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A cobia tagging project is underway along Florida’s east coast. Scientists with the Fish and Wildlife Conservation Commission’s (FWC) Fish and Wildlife Research Institute are tagging cobia in order to track movement of the fish to learn more about the migration of the Gulf and Atlantic stocks.
Researchers are using conventional dart tags and implanted acoustic transmitters to track mature fish. An array of acoustic receivers along the coast can detect the individual fish when they swim nearby. The movement patterns will provide more information to management to make informed decisions on the stocks and to provide a geographical location of the biological stock boundary. In addition, scientists are collecting genetic samples from tagged fish.
A total of 150 transmitters (50 each in Florida, Georgia and South Carolina) will be used for the one-year study.
“The transmitters, however, will last for up to four years allowing researchers to continue collecting information after the initial report is complete,” said Jim Whittington, FWRI Assistant Research Scientist.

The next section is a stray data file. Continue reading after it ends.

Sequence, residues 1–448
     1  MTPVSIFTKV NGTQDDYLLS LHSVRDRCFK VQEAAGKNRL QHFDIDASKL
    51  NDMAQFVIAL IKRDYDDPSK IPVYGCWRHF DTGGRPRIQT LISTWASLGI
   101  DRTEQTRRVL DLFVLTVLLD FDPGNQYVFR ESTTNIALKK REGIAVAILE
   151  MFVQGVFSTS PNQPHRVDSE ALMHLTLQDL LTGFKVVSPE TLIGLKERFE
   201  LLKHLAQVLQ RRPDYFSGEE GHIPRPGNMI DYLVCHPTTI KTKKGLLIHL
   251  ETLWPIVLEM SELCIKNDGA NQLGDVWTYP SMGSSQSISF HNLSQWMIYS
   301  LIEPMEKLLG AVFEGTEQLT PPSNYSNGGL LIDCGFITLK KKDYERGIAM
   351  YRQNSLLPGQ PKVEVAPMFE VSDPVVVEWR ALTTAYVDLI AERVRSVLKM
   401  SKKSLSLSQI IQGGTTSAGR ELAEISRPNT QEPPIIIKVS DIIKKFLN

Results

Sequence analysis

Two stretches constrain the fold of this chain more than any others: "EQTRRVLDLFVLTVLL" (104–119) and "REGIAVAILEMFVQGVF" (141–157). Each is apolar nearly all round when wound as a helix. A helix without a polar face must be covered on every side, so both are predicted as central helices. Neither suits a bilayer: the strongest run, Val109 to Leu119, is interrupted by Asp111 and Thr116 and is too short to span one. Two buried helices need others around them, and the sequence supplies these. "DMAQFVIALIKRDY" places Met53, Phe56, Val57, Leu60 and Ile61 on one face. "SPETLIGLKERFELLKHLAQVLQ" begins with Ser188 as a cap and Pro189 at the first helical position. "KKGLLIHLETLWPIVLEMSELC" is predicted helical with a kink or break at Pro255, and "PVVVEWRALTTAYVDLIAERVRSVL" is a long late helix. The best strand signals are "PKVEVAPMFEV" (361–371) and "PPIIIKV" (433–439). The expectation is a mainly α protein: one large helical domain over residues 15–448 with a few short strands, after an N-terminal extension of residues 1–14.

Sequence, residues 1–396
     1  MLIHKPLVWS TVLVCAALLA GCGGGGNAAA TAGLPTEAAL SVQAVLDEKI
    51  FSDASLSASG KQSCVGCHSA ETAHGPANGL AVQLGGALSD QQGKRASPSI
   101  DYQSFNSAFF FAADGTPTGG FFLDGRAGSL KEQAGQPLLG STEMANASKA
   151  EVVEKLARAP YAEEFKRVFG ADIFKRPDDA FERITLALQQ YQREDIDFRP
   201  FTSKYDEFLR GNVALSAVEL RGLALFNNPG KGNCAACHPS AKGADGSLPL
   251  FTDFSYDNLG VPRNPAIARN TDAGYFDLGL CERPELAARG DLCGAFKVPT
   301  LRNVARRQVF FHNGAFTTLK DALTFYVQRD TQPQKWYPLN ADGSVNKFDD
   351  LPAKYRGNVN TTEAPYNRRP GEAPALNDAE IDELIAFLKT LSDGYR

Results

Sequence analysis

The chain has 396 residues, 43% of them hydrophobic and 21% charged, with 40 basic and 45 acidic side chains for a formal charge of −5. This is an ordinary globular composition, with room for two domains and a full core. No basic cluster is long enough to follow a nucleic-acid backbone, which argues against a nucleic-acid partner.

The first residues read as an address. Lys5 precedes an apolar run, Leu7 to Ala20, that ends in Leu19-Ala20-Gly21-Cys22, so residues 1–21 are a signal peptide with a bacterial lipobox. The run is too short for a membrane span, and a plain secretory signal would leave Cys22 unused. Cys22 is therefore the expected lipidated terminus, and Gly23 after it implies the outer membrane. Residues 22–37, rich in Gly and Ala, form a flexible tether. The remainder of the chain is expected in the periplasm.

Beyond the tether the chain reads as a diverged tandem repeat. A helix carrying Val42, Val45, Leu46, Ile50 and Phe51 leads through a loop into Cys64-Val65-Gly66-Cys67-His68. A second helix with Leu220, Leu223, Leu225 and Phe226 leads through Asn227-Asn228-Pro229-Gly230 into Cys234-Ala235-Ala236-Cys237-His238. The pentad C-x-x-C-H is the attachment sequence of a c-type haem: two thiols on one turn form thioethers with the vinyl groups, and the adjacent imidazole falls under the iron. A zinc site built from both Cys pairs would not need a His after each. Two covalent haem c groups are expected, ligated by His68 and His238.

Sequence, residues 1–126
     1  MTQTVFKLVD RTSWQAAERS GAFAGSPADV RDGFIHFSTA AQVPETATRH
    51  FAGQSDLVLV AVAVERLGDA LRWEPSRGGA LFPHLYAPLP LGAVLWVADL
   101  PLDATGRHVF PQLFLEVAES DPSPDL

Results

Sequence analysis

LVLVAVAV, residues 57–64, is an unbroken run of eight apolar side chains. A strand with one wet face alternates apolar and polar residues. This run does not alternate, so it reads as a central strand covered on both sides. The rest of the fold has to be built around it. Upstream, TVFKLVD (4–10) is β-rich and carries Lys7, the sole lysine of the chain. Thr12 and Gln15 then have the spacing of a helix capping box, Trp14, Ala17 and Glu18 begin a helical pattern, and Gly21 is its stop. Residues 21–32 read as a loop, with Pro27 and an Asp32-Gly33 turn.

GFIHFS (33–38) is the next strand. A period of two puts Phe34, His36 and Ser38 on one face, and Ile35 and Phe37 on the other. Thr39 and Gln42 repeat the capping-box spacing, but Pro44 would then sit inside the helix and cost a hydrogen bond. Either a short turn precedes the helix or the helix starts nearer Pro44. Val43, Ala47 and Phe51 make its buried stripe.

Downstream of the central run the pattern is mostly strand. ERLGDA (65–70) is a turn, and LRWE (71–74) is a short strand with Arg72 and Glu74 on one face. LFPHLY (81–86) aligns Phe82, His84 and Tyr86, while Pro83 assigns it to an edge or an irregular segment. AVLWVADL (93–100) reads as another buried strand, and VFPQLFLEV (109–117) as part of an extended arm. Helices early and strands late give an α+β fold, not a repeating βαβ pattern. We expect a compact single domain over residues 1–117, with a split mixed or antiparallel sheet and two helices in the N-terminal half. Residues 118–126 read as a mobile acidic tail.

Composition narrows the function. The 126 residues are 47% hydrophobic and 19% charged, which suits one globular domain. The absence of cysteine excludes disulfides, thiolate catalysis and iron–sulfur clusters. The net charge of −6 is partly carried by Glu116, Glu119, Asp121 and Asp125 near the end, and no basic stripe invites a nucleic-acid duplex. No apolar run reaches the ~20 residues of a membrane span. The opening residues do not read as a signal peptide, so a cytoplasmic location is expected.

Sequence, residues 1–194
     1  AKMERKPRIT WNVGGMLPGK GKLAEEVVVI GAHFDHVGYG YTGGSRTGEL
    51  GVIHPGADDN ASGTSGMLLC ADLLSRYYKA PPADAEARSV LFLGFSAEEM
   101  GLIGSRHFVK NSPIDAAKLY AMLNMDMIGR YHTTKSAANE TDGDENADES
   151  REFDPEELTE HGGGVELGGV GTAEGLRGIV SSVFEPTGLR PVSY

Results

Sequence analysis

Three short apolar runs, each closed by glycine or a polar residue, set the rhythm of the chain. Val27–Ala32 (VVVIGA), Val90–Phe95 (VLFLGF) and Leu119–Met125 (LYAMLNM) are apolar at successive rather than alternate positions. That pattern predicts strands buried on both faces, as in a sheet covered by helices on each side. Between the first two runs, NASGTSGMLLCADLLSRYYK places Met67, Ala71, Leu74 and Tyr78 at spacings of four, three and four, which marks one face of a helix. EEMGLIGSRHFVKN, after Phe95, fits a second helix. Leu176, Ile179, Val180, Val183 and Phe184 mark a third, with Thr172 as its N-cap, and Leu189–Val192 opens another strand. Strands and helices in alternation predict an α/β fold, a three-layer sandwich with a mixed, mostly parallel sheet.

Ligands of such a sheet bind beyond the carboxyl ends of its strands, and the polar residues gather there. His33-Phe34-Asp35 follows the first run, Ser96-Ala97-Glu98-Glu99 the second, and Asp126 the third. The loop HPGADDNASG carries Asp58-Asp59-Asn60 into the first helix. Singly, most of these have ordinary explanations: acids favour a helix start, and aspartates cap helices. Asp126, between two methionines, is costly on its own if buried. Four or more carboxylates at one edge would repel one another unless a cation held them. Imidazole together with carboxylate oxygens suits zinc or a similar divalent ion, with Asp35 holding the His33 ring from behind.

The research will employ charter boat captains and recreational fishermen to assist with cobia capture, acoustic tag implantation and genetic sample collection. Researchers from NASA/Kennedy Space Center Ecological Program, the Georgia Department of Natural Resources and the South Carolina Department of Natural Resources are assisting in the project.
Cobia is a popular saltwater recreational fishery in the southeastern United States due to its ease of access, brute fighting strength and excellent culinary qualities. Although it is not illegal, scientists discourage the harvest of tagged cobia. If you catch a tagged cobia (two plastic tags should be visible on the back of the fish, one on each side) record the tag number, fork length, date and general location of the catch. Release the fish in good condition, and report it by calling 888-824-7472. If you accidentally harvest a tagged cobia, report all of the information above and return both the internal acoustic tag and plastic dart tag to:
Florida Fish and Wildlife Conservation Commission Attn: Jim Whittington, Tequesta Field Laboratory 19100 SE Federal Highway, Tequesta, FL 33469.
Anglers can also assist by collecting fin clips from cobia caught on the east coast of Florida. For more information on what to do if you catch a tagged fish in Florida waters, visit MyFWC.com/research, click on “Saltwater” then “Angler Tag Return.” For information on cobia regulations visit MyFWC.com/fishing, click on “Saltwater Fishing” “Recreational Regulations” and “Cobia.”